How should I act when I meet a disabled person at a social gathering? There it would be normal to say, “hi”, yet at what point, if at all, should I mention the disability, and what can I say that’s neither hurtful, nor annoying, nor tactless?
All of life is a learning curve – and mine has been perpendicular, at times! Being disabled offers no special access in itself to wisdom, tolerance or kindness. But, with the benefit of some hindsight, I might say that meeting people at social gatherings is no different from meeting people while out walking, or at the supermarket. Really, people don’t change, just because they gather together, though they might be drinking and laughing a bit more than usual….
Do you like this person? Then talk to them. Do you see them alone and feel regret that they are sitting by themselves? Then make a point of introducing yourself, “Hi, nice to see you here, I’m Alison…” and see where the conversation takes you.
By and large, it’s a safe bet that people who self-identify as impaired in any way, would rather not. So questions like, “What’s wrong with you?” “What happened to you?” or “What’s that all about, then?” are not our favourite topics of conversation. Best leave them out, and kick off with something ordinary and inclusive, like, “Can I get you a drink?”, “Is this crap music or what?” or “What do you think of Donald Trump’s nomination as the republican candidate for the next presidential election campaign?” (On second thoughts, maybe avoid politics until you can trust them not to be upset.) (And don’t try saying all that if you’ve had a few too many.)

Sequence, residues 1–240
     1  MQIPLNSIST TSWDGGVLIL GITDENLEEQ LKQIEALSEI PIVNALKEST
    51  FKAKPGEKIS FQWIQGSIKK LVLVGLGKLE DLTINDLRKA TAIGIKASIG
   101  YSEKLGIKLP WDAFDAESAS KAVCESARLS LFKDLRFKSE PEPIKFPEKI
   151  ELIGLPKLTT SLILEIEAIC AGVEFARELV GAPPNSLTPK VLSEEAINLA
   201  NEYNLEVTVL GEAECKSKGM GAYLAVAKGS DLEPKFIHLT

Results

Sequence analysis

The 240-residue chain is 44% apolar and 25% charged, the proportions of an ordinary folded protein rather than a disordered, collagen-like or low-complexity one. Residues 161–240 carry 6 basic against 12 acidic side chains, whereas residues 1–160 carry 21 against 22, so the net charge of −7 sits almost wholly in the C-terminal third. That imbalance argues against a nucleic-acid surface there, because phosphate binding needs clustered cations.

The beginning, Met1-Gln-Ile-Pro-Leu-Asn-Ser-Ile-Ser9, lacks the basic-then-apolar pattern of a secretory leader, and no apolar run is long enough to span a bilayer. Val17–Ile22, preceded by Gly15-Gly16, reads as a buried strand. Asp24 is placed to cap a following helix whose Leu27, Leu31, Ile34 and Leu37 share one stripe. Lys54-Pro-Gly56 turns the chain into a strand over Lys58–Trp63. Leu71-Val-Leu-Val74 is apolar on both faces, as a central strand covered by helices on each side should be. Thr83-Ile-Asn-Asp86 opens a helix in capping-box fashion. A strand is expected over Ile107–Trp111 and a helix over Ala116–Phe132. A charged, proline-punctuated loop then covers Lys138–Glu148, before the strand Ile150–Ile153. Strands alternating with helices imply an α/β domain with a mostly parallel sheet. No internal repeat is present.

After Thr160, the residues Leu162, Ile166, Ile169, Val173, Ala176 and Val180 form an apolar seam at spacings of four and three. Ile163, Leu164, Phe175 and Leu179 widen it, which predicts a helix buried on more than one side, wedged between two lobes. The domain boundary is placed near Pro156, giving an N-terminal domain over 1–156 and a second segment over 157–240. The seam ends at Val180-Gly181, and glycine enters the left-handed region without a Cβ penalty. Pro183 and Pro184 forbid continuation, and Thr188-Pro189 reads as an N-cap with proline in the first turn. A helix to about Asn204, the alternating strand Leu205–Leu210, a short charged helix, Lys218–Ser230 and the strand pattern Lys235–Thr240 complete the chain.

The idea that a disabled person deserves special treatment makes me cringe. We do not need or want special treatment, though our particular challenges mean that we would like to be recognised as we are, allowed to participate fully in the world, and offered the tools to do so. We have the right to be happy, just as everyone else expects to be. But without extra consideration, time and resources to make that possible, happiness is much harder to reach, while we will lag behind and lead teeny tiny lives, narrow and constrained by the complete futility of trying to keep abreast of the rest.
What a waste that is. Only recently, I finally understood, I can do what you do, it just takes me longer to do it and there is no shame in taking twice as long as you do. There is no shame whatever in being disabled, and if a lovely guy goes to a party and starts to chat, I don’t give two hoots whether he has one arm, blond highlights or a funny accent.
People with impairments may feel self-conscious, but so may a shy person, or a woman wearing a new dress, or someone unsure about their latest contact lenses. If you treat a person with impairments just as you would treat anyone else, that is the best you can do, and all that anyone can hope for.